Burnt Mountain Trail: Scorcher of a Summer Hike

By Gabrielle Martin

July 3, 2021

Burnt Mountain is perhaps best known for being the base of Sugarloaf's seasonal cat-skiing operations; however, Burnt Mountain Trail is an excellent option for well-seasoned hikers this summer, offering stunning 360° views from the summit of the surrounding mountains including the Bigelow Range, Crocker and Crocker South, Mount Abraham, Spaulding, and, of course, our beloved Loaf. With the multitude of hiking hotspots in the area, this hike often is overlooked – but make no mistake, Burnt Mountain Trail is a challenging trek that promises the reward of spectacular panoramic views. 

Hiking Burnt Mountain

We got up and at 'em, turning onto the Access Road just before 6:30am, all the while scarfing down some sensational take-it-to-go breakfast sandwiches from the Kingfield Woodsman. The Burnt Mountain trailhead is located at the end of Bigelow Mountain Road, off Mountainside Road; look for corresponding blue signage indicating the start of Burnt Mountain Trail. You'll continue to follow the blue markings (some of which are painted, others in the form of bands tied around trees) from start to summit, so remember, when in doubt, seek a blue marker out. 

Carrabassett River

Burnt Mountain Trail begins following an offshoot of the South Branch of the Carrabassett River with clean and clear spring water and the occasional stream crossing en route, winding through a forest of conifers and hardwoods. Horticulturists will love meandering down this scenic loop as it provides ample opportunities to observe lichen, mushrooms, trees (among them beautiful white birches), and wildflowers native to the Western Maine mountains. Those interested in tracking will find no shortage of prints left behind in the dried mud of the riverbed, from mice to moose!

Amos hikes Burnt Mountain Trail

After the first pitch, the path picks up, developing a steeper grade; prepare to be traveling on an incline over roots and rocks, some of which are smaller and loose. For this reason, hiking boots are best for this terrain – not running shoes or run-of-the-mill sneakers. Take careful, deliberate steps. You'll begin to see the trees thin out, becoming shorter as the elevation nears the alpine zone – a sure sign of nearing the summit.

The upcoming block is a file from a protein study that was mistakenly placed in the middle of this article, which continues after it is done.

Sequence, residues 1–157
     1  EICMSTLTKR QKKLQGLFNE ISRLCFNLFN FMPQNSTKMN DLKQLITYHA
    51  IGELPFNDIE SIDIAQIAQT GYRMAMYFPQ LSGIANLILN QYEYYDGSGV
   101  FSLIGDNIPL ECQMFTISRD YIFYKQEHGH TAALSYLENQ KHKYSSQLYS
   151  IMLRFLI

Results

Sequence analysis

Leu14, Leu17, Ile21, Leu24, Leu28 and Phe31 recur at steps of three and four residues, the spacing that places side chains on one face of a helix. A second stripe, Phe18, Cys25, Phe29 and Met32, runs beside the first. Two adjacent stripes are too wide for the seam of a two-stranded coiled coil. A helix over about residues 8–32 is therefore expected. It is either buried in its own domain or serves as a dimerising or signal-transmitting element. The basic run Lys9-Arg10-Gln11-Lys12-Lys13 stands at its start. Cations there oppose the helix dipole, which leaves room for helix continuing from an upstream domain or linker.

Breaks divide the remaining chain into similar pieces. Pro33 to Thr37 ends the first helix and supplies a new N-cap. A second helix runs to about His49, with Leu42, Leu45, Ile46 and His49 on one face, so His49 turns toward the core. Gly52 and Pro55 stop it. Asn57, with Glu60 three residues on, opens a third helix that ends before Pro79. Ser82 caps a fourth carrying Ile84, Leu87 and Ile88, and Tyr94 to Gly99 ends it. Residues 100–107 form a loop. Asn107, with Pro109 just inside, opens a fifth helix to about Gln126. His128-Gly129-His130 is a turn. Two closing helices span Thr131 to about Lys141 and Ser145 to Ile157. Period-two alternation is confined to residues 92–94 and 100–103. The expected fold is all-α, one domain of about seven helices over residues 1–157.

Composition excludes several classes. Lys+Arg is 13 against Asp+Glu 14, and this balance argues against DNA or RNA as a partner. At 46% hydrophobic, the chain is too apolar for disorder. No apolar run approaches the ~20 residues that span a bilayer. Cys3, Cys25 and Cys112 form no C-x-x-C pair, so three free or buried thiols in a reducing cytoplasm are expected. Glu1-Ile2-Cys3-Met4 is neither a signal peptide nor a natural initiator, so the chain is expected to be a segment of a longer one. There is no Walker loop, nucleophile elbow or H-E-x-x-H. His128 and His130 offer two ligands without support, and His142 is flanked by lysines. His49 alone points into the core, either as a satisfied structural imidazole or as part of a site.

Above the tree line on Burnt Mountain Trail

When the trail breaks out of the tree line, the bald-topped summit will be within sight. Continue onwards, and be sure to turn around on a regular basis to see the ever-improving views. At this point, we had some trouble following the blue trail markings; instead, we began to follow the cairns and orange roping, which led us to the second half of the Burnt Mountain loop. 

View of Sugarloaf snowfields from Burnt Mountain

The path down proved to be quite challenging, so for those not seeking an immersive outdoor experience, I recommend returning via the original route; however, for those adventurers bold enough to forge on, prepare to be climbing down overgrown tree-skiing trails to the cat road, which features several rare, never-before-seen angles of Sugarloaf's King Pine Bowl. 

Sugarloaf Mountain and cat skiing shed

Missing ski season? This hike offers a quick fix – alright, not quick: all in all, the Burnt Mountain Trail was seven miles roundtrip with points of considerable climbing. It took us until noon to complete the loop, after which we fueled up on Gifford's and sandwiches from D'Ellies, located on Main Street in Sugarloaf Village; it was a morning well-spent getting better acquainted with the lush, rich landscapes of the Western Maine mountains.

Burnt Mountain Trailhead

Afterwards, don't forget to tick check! And sunscreen. And trail snacks – trail snacks for sustenance are a must.